At least 15 dead in suicide bombing in Kabul, Afghanistan

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A suicide bomber killed at least 15 people and left 25 seriously wounded in the Afghan capital of Kabul on Saturday, as people were still casting their votes in the national parliamentary elections.

A suicide bomber blew himself up in an area in the north of the Afghan capital Kabul on Saturday.

 

 

Ten civilians and five police officers were killed when the bomber tried to enter a polling station and more than 25 were wounded, a senior security official said.

The attack appeared to have been the most serious of a day marked by a series of smaller-scale incidents that caused dozens of casualties across the country.

There was no immediate claim of responsibility.

The blast came as voting was still going on in parliamentary elections that authorities had feared would be a target for militant attacks. 

Voting should have been concluded by the time the attacker struck in an area to the north of Kabul, but polling stations were kept open longer than normal to cope with large numbers of people who had been unable to vote.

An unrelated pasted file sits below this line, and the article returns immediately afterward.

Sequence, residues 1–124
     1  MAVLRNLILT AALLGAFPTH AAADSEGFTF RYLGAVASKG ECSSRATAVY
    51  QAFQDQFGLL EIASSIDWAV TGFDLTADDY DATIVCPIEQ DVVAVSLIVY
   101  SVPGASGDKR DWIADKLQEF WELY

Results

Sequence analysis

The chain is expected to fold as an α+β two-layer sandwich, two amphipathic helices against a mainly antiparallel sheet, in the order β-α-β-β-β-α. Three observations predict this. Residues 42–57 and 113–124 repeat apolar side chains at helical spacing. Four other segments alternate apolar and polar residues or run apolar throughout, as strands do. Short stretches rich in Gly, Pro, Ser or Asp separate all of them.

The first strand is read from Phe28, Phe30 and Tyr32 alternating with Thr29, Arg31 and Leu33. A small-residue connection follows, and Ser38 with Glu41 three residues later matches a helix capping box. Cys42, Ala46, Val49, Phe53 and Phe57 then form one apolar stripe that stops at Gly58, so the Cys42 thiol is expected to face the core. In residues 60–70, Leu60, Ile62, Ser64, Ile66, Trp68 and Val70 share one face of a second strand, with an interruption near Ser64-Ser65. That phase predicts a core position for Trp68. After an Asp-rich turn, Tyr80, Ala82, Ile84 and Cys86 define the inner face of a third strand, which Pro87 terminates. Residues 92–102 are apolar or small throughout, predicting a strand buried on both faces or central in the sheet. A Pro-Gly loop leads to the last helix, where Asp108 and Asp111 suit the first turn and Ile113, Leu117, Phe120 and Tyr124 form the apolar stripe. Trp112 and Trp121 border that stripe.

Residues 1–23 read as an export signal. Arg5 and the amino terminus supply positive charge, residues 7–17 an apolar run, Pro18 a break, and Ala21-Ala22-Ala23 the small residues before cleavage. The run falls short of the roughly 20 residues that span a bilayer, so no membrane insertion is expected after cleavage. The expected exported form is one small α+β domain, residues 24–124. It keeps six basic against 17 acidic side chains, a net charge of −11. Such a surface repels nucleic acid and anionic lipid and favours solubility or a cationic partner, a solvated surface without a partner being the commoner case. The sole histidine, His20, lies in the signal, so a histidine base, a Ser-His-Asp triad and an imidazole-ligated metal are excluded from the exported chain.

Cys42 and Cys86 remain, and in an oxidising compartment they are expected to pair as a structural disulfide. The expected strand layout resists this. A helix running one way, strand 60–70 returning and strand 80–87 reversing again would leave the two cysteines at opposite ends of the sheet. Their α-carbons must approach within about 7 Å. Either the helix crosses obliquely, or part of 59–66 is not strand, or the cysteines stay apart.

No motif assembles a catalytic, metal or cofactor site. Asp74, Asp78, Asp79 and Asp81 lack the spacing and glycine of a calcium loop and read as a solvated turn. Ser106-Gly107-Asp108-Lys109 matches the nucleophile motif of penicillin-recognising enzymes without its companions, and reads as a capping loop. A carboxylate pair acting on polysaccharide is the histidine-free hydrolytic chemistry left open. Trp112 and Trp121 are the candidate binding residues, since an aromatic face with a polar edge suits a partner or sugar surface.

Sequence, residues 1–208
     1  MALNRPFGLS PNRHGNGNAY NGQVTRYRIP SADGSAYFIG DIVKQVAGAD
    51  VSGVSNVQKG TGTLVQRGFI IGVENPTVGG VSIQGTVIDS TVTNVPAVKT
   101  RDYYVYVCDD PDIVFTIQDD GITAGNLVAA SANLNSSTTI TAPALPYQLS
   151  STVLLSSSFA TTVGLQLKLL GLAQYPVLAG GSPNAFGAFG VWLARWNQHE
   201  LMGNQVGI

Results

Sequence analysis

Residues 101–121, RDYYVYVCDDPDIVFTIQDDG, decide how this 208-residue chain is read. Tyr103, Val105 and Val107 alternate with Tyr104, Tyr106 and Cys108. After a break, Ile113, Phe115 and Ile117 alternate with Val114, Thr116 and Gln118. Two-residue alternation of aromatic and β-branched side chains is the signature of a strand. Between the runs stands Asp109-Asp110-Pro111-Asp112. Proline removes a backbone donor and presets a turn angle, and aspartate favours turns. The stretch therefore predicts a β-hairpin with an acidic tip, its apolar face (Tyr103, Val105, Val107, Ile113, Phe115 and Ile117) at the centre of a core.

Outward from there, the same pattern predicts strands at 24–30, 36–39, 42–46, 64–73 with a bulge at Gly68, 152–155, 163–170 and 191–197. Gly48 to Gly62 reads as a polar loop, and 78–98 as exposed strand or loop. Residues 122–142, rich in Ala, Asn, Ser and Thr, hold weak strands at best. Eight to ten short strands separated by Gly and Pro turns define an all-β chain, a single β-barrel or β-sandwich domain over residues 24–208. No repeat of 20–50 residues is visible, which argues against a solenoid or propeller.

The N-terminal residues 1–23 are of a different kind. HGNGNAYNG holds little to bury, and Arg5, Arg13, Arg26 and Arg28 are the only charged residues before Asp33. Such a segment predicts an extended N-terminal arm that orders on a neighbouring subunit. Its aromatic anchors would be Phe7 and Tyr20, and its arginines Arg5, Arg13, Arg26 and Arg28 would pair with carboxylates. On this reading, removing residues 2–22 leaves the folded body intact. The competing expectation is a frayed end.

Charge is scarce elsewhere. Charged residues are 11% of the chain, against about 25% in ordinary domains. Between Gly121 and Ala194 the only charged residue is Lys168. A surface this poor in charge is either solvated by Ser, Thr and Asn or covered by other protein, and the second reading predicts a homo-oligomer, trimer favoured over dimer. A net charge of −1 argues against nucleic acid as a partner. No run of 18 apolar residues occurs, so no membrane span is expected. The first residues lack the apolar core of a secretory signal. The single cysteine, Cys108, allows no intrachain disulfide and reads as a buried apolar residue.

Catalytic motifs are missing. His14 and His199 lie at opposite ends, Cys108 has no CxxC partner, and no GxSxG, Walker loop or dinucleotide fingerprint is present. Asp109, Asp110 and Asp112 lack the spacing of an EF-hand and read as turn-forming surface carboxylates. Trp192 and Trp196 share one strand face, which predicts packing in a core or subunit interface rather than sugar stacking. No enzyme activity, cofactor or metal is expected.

It follows news that voting in Afghanistan's parliamentary election will be extended to Sunday in some constituencies after technical and organizational problems stopped voters casting their ballot in some polling centres on Saturday, government officials said.

Taliban militants have issued a series of statements telling people not to take part in what they consider a foreign-imposed process and warning election centres may be attacked.

Wider election concerns have centred on technical and organisational problems with biometric voter-registration equipment, polling stations not opening on time, missing election materials and delays forcing lengthy waits.

Abdul Badi Sayad, chairman of Independent Election Commission said the voting process will continue until Sunday and will happen in locations where election officers or election material arrived late.

Confusion over biometric voter registration equipment, polling stations not opening on time, missing election materials and delays forcing lengthy waits added to tensions among voters desperate to cast their ballots.

The Taliban and Islamic State (IS) had both called for a boycott of the vote and threatened voters and candidates in the run up to election day.

Several security incidents marred the polling day, with more than 30 incidents recorded.

In the northern city of Kunduz 53 people were wounded and three killed in various incidents.

In Nangarhar in the east, seven people were wounded in a blast and Ghor in the west at least 11 police were killed.

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